Tech Field Day: MPLS to Hybrid Migration
David Klebanov, Director of Technical Marketing, demonstrates the security capabilities of the vManage solution, via MPLS to hybrid migration.
Recorded at Tech Field Day in Silicon Valley.
Senior infrastructure technologies professional with over 15 years of extensive experience in designing and deploying complex multidisciplinary networking environments.
Tom: Hello. I’m Tom Hollingsworth and you are watching Networking Field Day 13. We are here in San Jose, California with Viptela. We have invited a group of networking bloggers, speakers, podcasters and luminaries of the community to take part in this discussion, offer their opinions, ask questions and ad their voice to the conversation about software defined wide area networking.
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David: All right. So let’s look further. Right. So I’m trying to bring up a new site. So the device had been provisioned. Right. So one thing to understand is that I do want to bring just one point in here is that what we do at Zero Touch Provisioning Service, every device … Archish mentioned about trust or zero trust, every device comes with pre-built or pre-loaded certificate, signed certificate. It gives us a unique identifier for that device. Every device that ships out of the manufacturing floor. Right.
The certificate is pre-built inside. When a device comes up, it goes through a bi-directional certificate authentication between itself and a management system, between itself and controllers. Everything is predicated on a bi-directional trust between the systems. Right. So we assume that this process is done. Right. The device has been brought up because it’s really zero touch. There is no point for you to see that because what will happen is that you will just stare at this and all of a sudden the device will come up, right. So there’s zero value to show you that.
Now, the question is what happens after this device comes up, right. What if it was shipped to the wrong location? What if it ended up with your competition or your neighbor? What do you do? So as part of the process of setting up the device, you can decide on the trust level for the device. You can say it’s an invalid device which means from the remote site perspective, it was zero touch. There is nothing I need to do. I don’t need to click anything, I don’t need to browse anywhere. It’s completely zero touch. Yet I have no connectivity.
It’s an action that an administrator would have to take to go into the management system and enable to device. Right. There is also staging where I can work on the device stages which means it will get some connectivity from controlling but no data plan. What our customers are using this for is the stage to devices before moving this into production. So I can have full connectivity into the device. I can do whatever I want configuration and privacy wise on the device. When I’m ready to flip the switch, then I promote this into the valid mode. That will open up the data connections and the device becomes fully operational and now not only the control connections are up but also data plan connections which are the IP sec tunnels are also up. Right.
Tom: So if V Manager is running in your server environment, is it like a Cloud brokered connection for the vEdge defined …
Tom: [Unintelligible 0:03:11].
David: There is ZTP service that we offer as a service. If you want it, you can also hose this internally for some of the larger customers that want to have ZTP internal, ZTP service, they can do that. So it is sort of like a broker kind of that basically makes your vEdge into your organization. It is very light weight. It’s sort of stateless in a sense that it has no customer data. It just goes home, hello, I’m customer A. Go talk to your customer, to your infrastructure, disconnect.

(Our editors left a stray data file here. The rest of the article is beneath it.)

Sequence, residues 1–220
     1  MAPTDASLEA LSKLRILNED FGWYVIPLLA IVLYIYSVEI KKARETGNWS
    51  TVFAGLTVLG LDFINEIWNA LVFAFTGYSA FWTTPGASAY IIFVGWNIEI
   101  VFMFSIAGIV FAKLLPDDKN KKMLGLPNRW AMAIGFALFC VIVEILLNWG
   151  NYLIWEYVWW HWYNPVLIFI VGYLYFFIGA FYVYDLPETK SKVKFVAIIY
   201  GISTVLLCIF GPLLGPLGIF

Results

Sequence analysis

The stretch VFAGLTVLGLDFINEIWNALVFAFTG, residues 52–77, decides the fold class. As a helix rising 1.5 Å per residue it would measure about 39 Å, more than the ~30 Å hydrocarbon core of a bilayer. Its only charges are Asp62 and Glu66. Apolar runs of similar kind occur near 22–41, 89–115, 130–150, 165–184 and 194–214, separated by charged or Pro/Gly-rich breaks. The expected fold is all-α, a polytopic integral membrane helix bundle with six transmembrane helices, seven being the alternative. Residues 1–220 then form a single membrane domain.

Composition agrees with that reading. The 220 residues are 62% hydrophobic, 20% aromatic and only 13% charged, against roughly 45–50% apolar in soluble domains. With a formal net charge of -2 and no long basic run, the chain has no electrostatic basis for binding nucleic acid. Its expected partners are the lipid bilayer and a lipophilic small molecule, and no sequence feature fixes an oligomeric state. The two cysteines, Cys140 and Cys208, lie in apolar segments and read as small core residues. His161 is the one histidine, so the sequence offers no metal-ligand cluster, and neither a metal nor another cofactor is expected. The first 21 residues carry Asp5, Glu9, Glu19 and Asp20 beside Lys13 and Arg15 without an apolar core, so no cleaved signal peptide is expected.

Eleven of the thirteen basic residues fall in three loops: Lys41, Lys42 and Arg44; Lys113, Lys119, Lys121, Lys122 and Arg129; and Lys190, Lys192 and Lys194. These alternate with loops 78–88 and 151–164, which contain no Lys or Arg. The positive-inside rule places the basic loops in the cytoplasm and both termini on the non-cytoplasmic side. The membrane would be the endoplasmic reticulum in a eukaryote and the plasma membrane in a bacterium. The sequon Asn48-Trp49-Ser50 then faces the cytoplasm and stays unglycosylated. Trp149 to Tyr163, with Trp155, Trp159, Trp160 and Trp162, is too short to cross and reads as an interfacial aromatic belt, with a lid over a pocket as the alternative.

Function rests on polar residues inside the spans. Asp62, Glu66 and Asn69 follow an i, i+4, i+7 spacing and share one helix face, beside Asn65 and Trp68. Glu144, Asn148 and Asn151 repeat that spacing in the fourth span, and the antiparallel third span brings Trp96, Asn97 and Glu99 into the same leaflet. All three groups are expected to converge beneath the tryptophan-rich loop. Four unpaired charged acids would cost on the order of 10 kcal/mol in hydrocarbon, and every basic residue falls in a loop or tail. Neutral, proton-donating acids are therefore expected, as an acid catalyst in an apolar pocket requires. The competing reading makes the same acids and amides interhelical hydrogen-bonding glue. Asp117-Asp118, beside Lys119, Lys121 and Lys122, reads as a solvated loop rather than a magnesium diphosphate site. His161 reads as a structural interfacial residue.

Tom: Right. Okay.
David: All right. So the reason that I didn’t find it is I was looking in the wrong screen. So here’s the device. You can see that it’s been sort of ZTPed and it shows invalid. Right. Which means it’s not operational, it’s standby device so to speak. So what I’m going to do now if … also if I look at the geography map in here, this is a map that shows all of the devices. That device has actually been pre-configured with GPS coordinates so it will appear somewhere in the New York area. All right.
So let me go back into this. So where we are now is the device had been shipped. It’s at the customer and I’ve decided that I don’t want to activate them immediately. I want to go through the process of validation first. So I’m going to put this into a staging mode first. So once I flipped it into a staging mode, I basically have to send it to the controllers. What it does is that V manage, as I mentioned, it’s a separate system.
There’s a V Manage system which is a management system and there’s the controllers. So for the device to be able to establish the control play and connections, the management system, I made the change so I made the change in a V Manage database, right, but the controllers need to know about this. That’s what I did. I pushed it and our controllers are aware that the device is allowed to connect. So you see it’s been pushed. So now if I go to network, I can see this device is here. It shows in staging mode.
So if I go inside, I can basically … I can see the information about this device. I can see what are the interfaces on it, I can see things about it but if I go here and I say show me what IDC connections you are building. Nothing. I’m not building any IDC connections because there is no data plane yet. It is completely a device that has been staged now and ready to be activated.
Now, the next step that I can do and I can promote it into the fully valid device. So this of course requires the maintenance window for you to do that because that activates the tunnels so to speak. So all the devices now need to start building tunnels through the device. It does go through a process where it loses some of the connectivity so it’s a maintenance window of activating the device after it’s been staged. Right. So I’m basically repeating the same thing. I’m pushing this through the controllers. Now the device has received sort of instruction to be activated.